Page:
Students at Rice University in Houston are finding low-cost solutions to big global health problems. The women running the program are hoping to get these young engineers hooked on helping. One particularly successful device that helps infants breathe has already been tested in Malawi and will be distributed to hospitals around the country.
Braille hasn't changed much in the nearly 200 years it's been around. But with tablets, smartphones and e-readers, how we read things has. Judy Dixon of the National Library Service for the Blind and Physically Handicapped talks with NPR about how technology has changed Braille — and whether it can endure.
So the world's most clandestine spy agency is working on something called a quantum computer. It's based on rules Einstein himself described as "spooky," and it can crack almost any code. That's got to be top-secret stuff, right? Guess again.
A Baltimore-based group is working to change the messages companies are sending about sex. So far, it has created convincing, fake websites pretending to be Playboy and Victoria's Secret — but putting an emphasis on consent.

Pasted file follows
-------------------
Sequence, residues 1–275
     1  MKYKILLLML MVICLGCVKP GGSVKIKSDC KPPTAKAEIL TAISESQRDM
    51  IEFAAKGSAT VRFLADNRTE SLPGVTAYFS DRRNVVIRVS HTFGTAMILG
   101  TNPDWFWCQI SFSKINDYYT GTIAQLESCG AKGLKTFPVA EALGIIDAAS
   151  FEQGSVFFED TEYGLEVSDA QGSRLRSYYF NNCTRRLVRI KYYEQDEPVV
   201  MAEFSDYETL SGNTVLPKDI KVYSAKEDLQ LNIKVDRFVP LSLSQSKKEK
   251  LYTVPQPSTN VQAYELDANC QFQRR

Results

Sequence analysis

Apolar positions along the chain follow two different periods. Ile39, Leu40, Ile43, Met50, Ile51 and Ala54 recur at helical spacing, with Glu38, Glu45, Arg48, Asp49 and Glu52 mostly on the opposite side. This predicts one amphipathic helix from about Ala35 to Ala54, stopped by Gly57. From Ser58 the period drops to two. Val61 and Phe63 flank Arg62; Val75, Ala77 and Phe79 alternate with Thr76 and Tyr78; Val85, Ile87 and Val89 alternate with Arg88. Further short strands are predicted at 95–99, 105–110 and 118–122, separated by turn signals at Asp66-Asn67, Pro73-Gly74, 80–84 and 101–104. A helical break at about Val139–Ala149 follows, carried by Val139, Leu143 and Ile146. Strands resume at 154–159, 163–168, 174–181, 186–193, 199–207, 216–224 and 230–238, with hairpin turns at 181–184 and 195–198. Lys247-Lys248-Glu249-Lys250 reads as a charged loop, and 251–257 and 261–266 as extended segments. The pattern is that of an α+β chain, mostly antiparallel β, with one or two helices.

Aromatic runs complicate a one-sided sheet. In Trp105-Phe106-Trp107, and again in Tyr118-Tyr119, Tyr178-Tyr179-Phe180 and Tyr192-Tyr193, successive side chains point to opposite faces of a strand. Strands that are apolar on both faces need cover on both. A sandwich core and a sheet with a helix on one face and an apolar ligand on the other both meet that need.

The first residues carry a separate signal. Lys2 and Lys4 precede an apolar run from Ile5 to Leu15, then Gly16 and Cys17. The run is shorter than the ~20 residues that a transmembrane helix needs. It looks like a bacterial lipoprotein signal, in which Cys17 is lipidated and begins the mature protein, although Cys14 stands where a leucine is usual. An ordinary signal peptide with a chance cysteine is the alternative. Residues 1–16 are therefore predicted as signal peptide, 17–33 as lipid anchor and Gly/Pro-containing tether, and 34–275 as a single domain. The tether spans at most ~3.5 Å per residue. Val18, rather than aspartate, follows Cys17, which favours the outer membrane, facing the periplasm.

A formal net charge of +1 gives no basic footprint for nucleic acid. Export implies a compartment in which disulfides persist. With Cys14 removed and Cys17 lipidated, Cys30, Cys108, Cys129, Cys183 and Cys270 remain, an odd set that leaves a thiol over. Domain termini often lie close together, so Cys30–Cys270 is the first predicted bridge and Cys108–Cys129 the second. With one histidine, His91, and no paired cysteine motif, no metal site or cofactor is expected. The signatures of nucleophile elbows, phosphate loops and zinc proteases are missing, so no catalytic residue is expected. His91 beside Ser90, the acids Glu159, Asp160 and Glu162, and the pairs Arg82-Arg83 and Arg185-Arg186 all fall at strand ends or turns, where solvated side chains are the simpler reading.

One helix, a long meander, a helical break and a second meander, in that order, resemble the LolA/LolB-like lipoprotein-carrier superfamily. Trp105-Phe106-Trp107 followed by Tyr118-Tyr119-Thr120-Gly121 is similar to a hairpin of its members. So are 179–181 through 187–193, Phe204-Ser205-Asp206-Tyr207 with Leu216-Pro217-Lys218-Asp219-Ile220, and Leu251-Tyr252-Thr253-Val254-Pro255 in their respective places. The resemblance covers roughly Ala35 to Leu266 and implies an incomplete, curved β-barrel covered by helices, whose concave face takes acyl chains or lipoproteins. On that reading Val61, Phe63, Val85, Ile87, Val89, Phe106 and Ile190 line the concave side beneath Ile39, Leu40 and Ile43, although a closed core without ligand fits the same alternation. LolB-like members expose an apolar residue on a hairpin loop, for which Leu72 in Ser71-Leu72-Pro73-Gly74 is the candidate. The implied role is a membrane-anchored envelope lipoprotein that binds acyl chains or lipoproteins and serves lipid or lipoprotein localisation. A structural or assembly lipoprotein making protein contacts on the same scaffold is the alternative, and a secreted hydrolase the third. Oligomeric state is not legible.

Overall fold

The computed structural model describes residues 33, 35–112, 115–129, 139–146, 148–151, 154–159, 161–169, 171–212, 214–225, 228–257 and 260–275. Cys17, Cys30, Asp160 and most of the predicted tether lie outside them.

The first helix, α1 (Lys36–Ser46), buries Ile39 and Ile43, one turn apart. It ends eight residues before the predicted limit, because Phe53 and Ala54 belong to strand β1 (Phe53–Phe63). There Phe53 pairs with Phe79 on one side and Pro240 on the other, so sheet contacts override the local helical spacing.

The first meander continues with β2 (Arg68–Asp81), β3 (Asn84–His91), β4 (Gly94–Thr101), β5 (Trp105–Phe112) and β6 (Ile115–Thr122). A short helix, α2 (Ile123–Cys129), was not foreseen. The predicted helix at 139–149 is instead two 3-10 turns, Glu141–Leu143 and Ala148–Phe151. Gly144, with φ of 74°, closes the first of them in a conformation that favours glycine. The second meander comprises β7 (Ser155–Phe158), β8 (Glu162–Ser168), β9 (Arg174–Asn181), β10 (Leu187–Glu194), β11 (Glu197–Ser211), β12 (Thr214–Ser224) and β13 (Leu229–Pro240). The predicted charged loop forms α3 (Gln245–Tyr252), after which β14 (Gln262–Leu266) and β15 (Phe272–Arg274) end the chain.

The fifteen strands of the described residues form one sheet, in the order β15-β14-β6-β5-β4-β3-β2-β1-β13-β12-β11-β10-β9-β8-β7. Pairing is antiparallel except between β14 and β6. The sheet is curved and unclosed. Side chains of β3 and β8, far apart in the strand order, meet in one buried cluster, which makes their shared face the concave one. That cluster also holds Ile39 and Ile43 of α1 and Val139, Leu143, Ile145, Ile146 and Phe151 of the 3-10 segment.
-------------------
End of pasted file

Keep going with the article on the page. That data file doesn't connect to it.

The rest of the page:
Fresh Air tech contributor Alexis Madrigal counted 76,897 microgenres on the online streaming and DVD rental service, many of which are bizarrely personalized (Violent Action Thrillers Starring Bruce Willis, Tearjerkers From The 1970s). He says the company "knows you."
After millions of Snapchat usernames and other data were posted online, a claim of responsibility includes a motive: The service didn't do enough to increase its security, those allegedly involved say. Snapchat allows users to send images that vanish 10 seconds after they're seen.
When you give to WAMU, your tax-deductible membership gift helps make possible award-winning programs such as Morning Edition, All Things Considered, The Diane Rehm Show, The Kojo Nnamdi Show, and other favorites.